3. Leverage the people who are uncomfortable with today. Too often educational change is initiated and led from behind closed doors. Throughout our country we have pockets of innovation in our K12 schools. It is time that those pockets become the majority. I can’t think of one district or school I have been in that doesn’t have local innovators. These are teachers and leaders who are doing things differently and entrenching their work in their own deep understanding. Innovators don’t just teach differently; they know differently and can back their work up with research on learning and research on both engagement and empowerment. Use those people that are eager for change to support, drive, encourage, and challenge current practice. Start with data-driven conversations, tie in longitudinal research on learning and authentic learning, and be inclusive of our stakeholders. There is no room for ego in developing schools and educational organizations that are “kid ready” so leave it at the door. Start with a large group, use working groups, dream, and empower conversations that are not only about what our data says, but what our data doesn’t say. This will be the group for courageous and continuous conversations; not the place where one person has the only answer or all of the power.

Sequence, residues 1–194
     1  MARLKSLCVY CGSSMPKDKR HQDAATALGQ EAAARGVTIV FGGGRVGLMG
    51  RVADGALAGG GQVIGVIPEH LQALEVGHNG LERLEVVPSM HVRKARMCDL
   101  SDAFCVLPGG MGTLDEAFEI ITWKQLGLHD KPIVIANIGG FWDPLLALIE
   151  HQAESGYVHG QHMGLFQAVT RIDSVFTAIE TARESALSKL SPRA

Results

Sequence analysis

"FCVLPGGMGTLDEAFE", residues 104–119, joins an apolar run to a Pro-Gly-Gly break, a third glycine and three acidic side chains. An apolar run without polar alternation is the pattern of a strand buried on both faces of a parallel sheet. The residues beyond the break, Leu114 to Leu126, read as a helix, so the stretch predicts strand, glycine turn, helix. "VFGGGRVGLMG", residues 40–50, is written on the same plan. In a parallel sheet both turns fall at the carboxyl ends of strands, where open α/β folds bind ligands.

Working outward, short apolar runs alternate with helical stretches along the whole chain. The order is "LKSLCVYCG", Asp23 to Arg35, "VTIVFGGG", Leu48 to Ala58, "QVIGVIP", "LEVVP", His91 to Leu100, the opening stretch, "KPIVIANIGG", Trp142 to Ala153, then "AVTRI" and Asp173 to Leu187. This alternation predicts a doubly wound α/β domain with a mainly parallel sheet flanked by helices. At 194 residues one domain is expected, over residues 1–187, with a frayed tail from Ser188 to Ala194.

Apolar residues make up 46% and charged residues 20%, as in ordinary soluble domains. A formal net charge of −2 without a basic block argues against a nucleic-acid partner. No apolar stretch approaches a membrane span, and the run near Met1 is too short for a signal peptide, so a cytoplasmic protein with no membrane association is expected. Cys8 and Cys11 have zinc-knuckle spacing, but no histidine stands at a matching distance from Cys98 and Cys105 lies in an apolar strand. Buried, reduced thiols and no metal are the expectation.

4. Vision. Build it with our greater communities, make it simple, and ensure that it is both purposeful and inspiring. A vision cannot lock us into a plan that will take decades to fully achieve but lead us continuously towards our organizational North Star. The most successful and forward moving organizations we have worked with have one group in mind: their students. Visit a kindergarten classroom or a preschool and think about how the Generation Alpha kids that are headed to our K12 classrooms will thrive with our vision guiding them. Remember, this generation of kids will more than likely not be about “getting jobs” they are starting their life living with purpose and intention. Does our vision push the entire system to support them as they do so? Use data, talk to stakeholders, create a vision that leads us into the next decade with a sense of purpose and a landmark for every decision that needs to be made. Use vision as our anchor and guide; but don’t let it weigh us down. Don’t let that vision sit on a shelf, but let it be dynamic and a constant presence as we reflect on data, new hires, and planning financially for what is next.